Bridging the Gap: Thirteen Days
Motivated by hope, not fear, we move toward an eternal Easter
By Bishop David Zubik
It was October 1962. For 13 days in that month, American citizens sat on the edge of their seats, went to church around the clock and, in remarkable fashion, decided to be exceptionally kind to each other. The Cuban Missile Crisis made us all aware of just how fragile is our world and how short are our lives. For 13 days, the governments of the United States, the Soviet Union and Cuba engaged in deliberations brought on by the very real possibility of a nuclear attack.
Even though I was only in the eighth grade at the time of the Cuban Missile Crisis, I have vivid memories of churches being open 24 hours a day, of people being genuinely more kind to each other, of long lines at confessionals, and of people making great sacrifices out of concern for one another.
As tense as the air was during that time of national and international crisis, little did any of us really know just how close we came to the brink of nuclear disaster. Subsequent release of classified information, a number of books on the Cuban Missile Crisis and the widely acclaimed movie, "Thirteen Days," later gave us the snapshot that underscored our national fears in October 1962.
We have just begun a very holy time for all Christians - the season of Lent - which calls forth from each of us many of the same reactions that our general populace had during the Cuban Missile Crisis, but this time motivated by hope rather than fear.
The season of Lent, which we began on Ash Wednesday, is really an exciting time. As human beings, each of us needs to come to terms with the "unfinished business" of becoming holier people. The season of Lent points to Easter, the greatest event that ever took place in the history of the world. But Easter is not simply an historical event. It is also an invitation for us to that ultimate goal of the eternal Easter in heaven.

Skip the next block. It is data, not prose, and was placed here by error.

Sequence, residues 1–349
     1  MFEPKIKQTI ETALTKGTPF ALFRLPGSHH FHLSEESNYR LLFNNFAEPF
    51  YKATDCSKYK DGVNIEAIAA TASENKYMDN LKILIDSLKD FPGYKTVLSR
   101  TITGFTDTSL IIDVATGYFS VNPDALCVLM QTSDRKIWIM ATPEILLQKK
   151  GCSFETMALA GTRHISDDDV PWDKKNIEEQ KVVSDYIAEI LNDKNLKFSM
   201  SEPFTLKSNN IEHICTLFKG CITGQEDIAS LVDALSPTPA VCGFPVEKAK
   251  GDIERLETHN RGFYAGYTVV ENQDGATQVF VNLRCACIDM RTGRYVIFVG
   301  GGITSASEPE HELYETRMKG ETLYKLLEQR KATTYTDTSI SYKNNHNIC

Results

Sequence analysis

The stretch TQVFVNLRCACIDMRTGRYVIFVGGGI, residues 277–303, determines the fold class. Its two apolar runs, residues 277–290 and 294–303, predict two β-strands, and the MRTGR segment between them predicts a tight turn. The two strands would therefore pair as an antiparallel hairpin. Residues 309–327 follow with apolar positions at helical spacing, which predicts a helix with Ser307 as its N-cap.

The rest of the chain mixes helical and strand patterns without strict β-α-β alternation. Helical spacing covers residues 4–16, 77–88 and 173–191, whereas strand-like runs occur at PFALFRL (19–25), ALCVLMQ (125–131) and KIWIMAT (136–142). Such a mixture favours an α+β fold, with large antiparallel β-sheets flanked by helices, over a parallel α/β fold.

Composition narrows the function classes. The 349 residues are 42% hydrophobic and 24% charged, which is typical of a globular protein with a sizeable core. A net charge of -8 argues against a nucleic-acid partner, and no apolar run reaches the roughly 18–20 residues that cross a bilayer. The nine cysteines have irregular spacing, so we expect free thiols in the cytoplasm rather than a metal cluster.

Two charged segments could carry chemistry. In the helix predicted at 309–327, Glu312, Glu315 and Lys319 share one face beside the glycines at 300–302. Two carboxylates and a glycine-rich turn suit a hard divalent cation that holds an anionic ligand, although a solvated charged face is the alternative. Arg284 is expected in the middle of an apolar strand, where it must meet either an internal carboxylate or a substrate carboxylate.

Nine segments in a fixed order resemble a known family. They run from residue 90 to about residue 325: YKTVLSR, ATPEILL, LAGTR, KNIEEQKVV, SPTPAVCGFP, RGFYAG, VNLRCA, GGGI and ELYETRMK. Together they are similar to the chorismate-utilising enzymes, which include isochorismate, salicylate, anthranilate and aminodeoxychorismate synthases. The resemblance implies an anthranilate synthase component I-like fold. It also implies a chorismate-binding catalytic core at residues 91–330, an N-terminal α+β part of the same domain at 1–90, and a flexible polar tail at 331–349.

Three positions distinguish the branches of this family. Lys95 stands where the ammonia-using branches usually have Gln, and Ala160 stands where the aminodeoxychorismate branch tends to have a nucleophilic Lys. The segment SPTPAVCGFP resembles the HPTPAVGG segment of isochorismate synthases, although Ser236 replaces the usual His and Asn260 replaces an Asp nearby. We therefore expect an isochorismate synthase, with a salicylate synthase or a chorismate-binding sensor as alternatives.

On Ash Wednesday, the church chose for our reflection a very important teaching of Jesus as recorded in the Gospel of Matthew. Jesus gave us the blueprint, if you will, of what Lent should be like, but especially of the attitudes that should be the hallmark of our lives as followers of Jesus. These attitudes were evident at the time of the Cuban Missile Crisis. They were also evident following the 9/11 tragedy. And they should be evident in each of our lives throughout Lent and beyond.
Quite simply, Jesus calls us to be a people of fasting, prayer and good works.
Jesus says, "When you fast, do not look gloomy" (Mt 6:16). The theological and traditional meaning of fasting is not so much the "giving up" of something, but rather the "making space" for a more conscious recognition of God. Lent is not so much a matter of giving up candy or a cocktail or a cigar, but rather of making way for a greater consciousness of God in our lives. Whenever our bellies are less full or our pleasures are less satisfied, our senses are sharpened to recognize the presence of God and the needs of people around us. The end result, as Jesus promises, is that we will not only look happier, but actually be
Hungers bring awareness
In His instruction, Jesus also says, "When you do good works, when you give alms, do not blow a trumpet before you" (Mt 6.2). By becoming more aware of the needs of others in our own fasting, it follows that we become more generous. I am struck by the absolute generosity of the faithful of our diocese to the recent appeal to assist the tsunami victims. As a local church and its faithful, aware of the needs of so many suffering people - literally within days - we were able to pool together nearly $700,000. That kind of generosity from the heart happens when we fast, when we become aware of the power of God within us, giving birth to a generosity that can be repeated each day in Lent and beyond in our dealings with one another.
Jesus further says, "When you pray, go to your inner room and pray to your Father who is in that secret place" (Mt 6.6). Because we are people who become so busy about so many things, Jesus calls us to make that important space each day, and especially in Lent, not only to become more aware of God, but to "chew the fat" with Him about all that is going on in our lives and in our church and in our world. At the same time, that time also affords us with the opportunity to be quiet enough to hear what God also wants to say to us.
Reaction to crises
There is no doubt about it, for the person of faith, whenever crises befall us - either the Cuban Missile Crisis, or 9/11, or the threat of losing our jobs, or the pain of a loved one who is ill, or uncertainty about the days ahead - one of our automatic reactions is to turn to God. But Lent especially provides us with the reminder that we need to turn to God each day, not out of fear and want, but with hope and love.
As you and I continue our Lenten journey, as a people of hope, Jesus invites us once again to be a people of fasting, prayer and good works. My hope is that when you and I reach Easter, you and I together will in fact be more like God, not because of a "Thirteen Days" in October or a 9/11 or other personal traumas, but especially because God loves us and because we love God in return.